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Amazon Redshift
Database Developer Guide (API Version 2012-12-01)

Managing the Size of the Unsorted Region

The unsorted region grows when you load large amounts of new data into tables that already contain data or when you do not vacuum tables as part of your routine maintenance operations. To avoid long-running vacuum operations, use the following practices:

  • Run vacuum operations on a regular schedule.

    If you load your tables in small increments (such as daily updates that represent a small percentage of the total number of rows in the table), running VACUUM regularly will help ensure that individual vacuum operations go quickly.

  • Run the largest load first.

    If you need to load a new table with multiple COPY operations, run the largest load first. When you run an initial load into a new or truncated table, all of the data is loaded directly into the sorted region, so no vacuum is required.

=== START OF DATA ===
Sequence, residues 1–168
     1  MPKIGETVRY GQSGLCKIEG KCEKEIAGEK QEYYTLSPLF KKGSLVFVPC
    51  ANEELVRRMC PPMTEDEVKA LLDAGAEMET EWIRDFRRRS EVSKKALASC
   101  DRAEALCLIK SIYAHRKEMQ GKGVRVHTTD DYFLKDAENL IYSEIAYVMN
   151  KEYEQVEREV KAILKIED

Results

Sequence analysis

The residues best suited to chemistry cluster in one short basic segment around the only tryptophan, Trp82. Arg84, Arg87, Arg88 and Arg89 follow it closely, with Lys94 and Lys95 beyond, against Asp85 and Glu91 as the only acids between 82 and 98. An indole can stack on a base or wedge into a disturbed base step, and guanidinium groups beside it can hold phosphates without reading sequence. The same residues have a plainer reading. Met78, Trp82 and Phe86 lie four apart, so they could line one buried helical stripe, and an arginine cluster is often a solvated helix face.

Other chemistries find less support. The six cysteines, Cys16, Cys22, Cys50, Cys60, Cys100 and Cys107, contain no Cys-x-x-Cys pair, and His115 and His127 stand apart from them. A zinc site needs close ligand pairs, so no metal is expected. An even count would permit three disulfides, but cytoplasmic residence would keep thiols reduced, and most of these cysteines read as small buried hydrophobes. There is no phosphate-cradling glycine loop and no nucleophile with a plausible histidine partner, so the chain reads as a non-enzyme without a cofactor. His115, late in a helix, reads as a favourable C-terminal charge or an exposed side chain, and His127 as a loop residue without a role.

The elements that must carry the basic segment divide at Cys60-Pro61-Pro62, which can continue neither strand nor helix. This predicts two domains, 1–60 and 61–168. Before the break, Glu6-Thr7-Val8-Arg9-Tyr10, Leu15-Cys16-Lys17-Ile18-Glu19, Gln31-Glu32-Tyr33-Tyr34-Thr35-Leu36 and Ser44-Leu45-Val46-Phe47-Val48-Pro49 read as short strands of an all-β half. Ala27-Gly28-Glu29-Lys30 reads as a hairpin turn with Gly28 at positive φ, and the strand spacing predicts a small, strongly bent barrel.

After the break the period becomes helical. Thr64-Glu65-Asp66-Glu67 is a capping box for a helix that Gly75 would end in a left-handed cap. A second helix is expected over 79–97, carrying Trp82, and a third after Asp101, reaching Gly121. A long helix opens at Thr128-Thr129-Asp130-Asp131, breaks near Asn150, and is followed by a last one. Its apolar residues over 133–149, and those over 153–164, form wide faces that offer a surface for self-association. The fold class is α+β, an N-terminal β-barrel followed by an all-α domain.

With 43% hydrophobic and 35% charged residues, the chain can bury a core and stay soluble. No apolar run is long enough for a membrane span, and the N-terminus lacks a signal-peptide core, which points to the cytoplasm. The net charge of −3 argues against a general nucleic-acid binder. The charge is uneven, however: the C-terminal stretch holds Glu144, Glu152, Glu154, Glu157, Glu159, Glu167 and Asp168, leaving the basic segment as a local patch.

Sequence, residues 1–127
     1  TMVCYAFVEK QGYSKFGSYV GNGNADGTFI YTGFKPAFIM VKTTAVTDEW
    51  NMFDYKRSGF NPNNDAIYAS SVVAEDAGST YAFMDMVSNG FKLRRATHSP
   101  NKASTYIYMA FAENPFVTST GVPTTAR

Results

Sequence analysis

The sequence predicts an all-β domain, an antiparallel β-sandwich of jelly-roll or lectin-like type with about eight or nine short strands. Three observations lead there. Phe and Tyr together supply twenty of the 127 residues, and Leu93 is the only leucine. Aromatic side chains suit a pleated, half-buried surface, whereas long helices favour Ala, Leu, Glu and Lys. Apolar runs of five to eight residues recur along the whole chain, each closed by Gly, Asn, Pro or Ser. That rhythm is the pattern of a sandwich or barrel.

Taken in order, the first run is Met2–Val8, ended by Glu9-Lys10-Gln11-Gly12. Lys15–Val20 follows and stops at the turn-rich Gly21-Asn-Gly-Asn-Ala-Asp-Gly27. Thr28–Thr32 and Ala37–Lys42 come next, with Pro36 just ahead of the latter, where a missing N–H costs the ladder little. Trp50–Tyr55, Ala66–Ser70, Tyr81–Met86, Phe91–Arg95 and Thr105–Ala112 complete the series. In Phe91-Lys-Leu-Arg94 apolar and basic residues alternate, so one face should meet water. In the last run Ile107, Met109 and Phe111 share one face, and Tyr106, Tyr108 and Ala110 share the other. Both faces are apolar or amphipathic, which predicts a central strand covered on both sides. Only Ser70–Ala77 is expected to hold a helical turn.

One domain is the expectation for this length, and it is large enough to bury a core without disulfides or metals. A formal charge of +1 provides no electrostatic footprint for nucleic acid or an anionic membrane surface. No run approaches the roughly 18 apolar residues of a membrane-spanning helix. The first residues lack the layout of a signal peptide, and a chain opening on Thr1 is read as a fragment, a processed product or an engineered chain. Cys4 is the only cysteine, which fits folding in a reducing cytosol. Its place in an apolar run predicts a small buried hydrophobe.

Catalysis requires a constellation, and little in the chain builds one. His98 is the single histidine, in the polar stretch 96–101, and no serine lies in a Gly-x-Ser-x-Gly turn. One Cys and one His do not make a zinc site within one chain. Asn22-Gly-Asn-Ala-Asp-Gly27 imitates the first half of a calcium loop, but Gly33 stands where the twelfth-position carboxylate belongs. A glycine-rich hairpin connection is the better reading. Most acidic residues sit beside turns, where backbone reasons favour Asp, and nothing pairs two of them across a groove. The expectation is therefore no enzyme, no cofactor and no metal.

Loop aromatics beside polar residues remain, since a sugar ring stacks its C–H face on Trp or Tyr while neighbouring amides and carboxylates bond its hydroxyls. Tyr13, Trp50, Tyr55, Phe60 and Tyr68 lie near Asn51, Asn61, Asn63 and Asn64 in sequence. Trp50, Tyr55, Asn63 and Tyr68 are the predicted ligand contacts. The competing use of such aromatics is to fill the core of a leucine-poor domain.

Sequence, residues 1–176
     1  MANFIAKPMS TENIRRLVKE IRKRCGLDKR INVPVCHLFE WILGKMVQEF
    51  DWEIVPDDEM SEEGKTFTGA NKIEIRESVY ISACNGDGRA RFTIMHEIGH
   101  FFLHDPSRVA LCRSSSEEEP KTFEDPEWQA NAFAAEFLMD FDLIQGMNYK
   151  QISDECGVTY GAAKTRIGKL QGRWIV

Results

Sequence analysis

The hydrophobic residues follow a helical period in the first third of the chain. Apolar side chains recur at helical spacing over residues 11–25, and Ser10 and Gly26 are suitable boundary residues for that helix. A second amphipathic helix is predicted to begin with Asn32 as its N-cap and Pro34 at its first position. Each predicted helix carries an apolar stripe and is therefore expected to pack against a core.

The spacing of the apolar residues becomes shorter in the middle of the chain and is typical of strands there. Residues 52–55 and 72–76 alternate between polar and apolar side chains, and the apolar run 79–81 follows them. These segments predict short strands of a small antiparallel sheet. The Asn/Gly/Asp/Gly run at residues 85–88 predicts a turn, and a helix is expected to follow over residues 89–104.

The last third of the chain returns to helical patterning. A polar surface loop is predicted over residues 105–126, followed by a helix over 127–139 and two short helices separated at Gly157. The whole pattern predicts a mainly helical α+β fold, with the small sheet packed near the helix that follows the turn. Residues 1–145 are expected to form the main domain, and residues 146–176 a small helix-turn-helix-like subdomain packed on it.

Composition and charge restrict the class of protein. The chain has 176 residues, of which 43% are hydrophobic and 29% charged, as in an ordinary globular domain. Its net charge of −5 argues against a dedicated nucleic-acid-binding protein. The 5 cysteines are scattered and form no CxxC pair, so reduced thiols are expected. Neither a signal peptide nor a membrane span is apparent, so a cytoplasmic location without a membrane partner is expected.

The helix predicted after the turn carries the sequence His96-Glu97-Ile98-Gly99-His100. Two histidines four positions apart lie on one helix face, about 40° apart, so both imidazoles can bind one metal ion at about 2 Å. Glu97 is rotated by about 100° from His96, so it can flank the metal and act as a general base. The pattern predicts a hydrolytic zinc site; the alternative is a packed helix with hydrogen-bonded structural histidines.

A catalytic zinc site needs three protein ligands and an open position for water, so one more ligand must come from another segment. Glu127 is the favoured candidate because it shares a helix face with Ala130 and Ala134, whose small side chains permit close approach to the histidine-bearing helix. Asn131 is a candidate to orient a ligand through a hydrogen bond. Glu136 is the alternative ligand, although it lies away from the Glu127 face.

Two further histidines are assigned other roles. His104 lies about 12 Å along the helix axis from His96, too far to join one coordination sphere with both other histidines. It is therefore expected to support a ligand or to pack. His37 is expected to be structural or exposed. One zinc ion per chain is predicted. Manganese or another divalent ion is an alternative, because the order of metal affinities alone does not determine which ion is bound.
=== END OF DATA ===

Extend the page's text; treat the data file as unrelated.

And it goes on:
• Truncate a table instead of deleting all of the rows.

    Deleting rows from a table does not reclaim the space that the rows occupied until you perform a vacuum operation; however, truncating a table empties the table and reclaims the disk space, so no vacuum is required. Alternatively, drop the table and re-create it.

  • Truncate or drop test tables.

    If you are loading a small number of rows into a table for test purposes, don't delete the rows when you are done. Instead, truncate the table and reload those rows as part of the subsequent production load operation.

  • Perform a deep copy.

    A deep copy recreates and repopulates a table by using a bulk insert, which automatically resorts the table. If a table has a large unsorted region, a deep copy is much faster than a vacuum. The trade off is that you cannot make concurrent updates during a deep copy operation, which you can do during a vacuum. For more information, see Best Practices for Designing Queries.